First Time Buyers Struggle to Secure Mortgages as Lenders Toughen Up on Approval Criteria
UK citizens wishing to either remortgage their property or looking to buy their very first home, may find that they struggle when it comes to applications being accepted by lenders due to a tightening on lending criteria. Reports show that around 25% of all homeowners will be negatively financially impacted by the ever increasing inflation rate, making lenders less confident in the ability for buyers to meet their monthly mortgage repayments.
While the UK economy continues to be seriously effected by the high inflation rate, lenders have reacted by applying more stringent assessments when it comes to approving mortgage loan products, making it increasingly difficult for buyers to secure a new home.
High street banks, Halifax and HSBC have announced that their criteria for affordability is going to be reviewed this week as they suggest that they will most likely be adopting a more cautious approach when approving loans to FTB’s and remortgagers. This decision comes following the recent rise, in December 2020, of interest base rates from 0.1% to 0.25%.
January 2021 has seen an average rate of 2.5% on a typical two year fixed rate, up slightly for December’s rate of 2.4%.
Mortgage lenders are understandably concerned as to whether borrowers will be in a position to meet their financial responsibilities, when taking into account the massive hike in gas and electricity charges and other increased living costs that we can all expect to see this year.
“Families are facing a steep rise in energy bills and an increase in the general cost of living. This, teamed with the recent rise in interest rates to 0.25 per cent, is leading many lenders to take a more cautious approach when reviewing applications,” commented Miles Robinson, head of mortgages at online mortgage broker Trussle,.
“In such an uncertain market and in the face of the ongoing pandemic, it is essential for not only lenders, but consumers to act with caution and explore all options available with an independent adviser before committing to significant changes in their finances.”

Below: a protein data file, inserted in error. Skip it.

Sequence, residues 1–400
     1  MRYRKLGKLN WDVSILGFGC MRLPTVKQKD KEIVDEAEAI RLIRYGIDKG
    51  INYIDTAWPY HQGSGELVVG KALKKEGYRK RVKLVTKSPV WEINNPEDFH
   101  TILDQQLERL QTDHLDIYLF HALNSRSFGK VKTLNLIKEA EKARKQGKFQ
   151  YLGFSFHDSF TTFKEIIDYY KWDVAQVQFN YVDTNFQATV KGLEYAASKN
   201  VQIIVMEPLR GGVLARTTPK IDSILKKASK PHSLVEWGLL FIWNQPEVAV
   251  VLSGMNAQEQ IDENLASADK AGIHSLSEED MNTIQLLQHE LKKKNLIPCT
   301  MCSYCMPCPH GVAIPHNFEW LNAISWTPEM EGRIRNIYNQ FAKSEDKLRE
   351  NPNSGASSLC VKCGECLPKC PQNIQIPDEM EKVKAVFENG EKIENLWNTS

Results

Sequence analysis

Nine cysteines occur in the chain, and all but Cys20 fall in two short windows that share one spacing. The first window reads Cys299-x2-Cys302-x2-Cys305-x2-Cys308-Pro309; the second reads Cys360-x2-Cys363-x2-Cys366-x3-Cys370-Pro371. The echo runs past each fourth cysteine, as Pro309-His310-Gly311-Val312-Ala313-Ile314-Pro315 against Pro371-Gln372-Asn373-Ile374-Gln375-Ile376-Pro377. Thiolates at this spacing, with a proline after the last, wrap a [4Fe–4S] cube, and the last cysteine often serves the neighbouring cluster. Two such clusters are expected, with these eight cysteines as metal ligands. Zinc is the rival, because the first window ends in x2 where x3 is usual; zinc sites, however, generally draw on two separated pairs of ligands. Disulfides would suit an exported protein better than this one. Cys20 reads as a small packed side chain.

Analysis by trade body UK Finance indicated that HSBC and Lloyds Banking Group combined provide around 25% of all mortgages in the UK. The tightening of the criteria for lending has most affected people from low income families when it comes to gaining approval as they are considered to be of the highest risk category.
Finance expert at the financial comparison firm Moneyfacts, Rachel Springall, warned:
“Lenders can change their underwriting criteria if they are concerned about affordability and if a prominent brand decides to do this, other lenders could follow suit,” she said.
“Would-be buyers may see their outgoings rise this year and if their wages fail to rise as well, they may have to dip into their savings to cover unexpected costs.”
If the rules on affordability change, she added, “That could be particularly costly for those falling off a fixed rate to a more expensive revert rate.
“If borrowers looking for a deal are concerned about passing affordability tests, it’s always wise to go through an independent broker who can assess the market and offer insight.”
She explained that this could spell the end of home owner dreams for a huge number of first time buyers:
“If affordability rules tighten, they may have to wait longer to meet new criteria.”
Mortgage broker, David Hollingworth, from L&C Mortgages, explained how lenders will look to the ONS (Office of National Statistics) to gather data to adjust their affordability criteria accordingly.
“As higher living costs begin to bite so it follows that it could have an impact on how much lenders are prepared to lend,” he said.
“Lower earners are those most likely to feel the pinch as their disposable income is hit by higher energy bills and other costs. It won’t be welcome news for first-time buyers who are likely to be stretching their borrowing amount as much as possible in the face of high house prices. Any pulling back could impact their chance to get on the ladder.”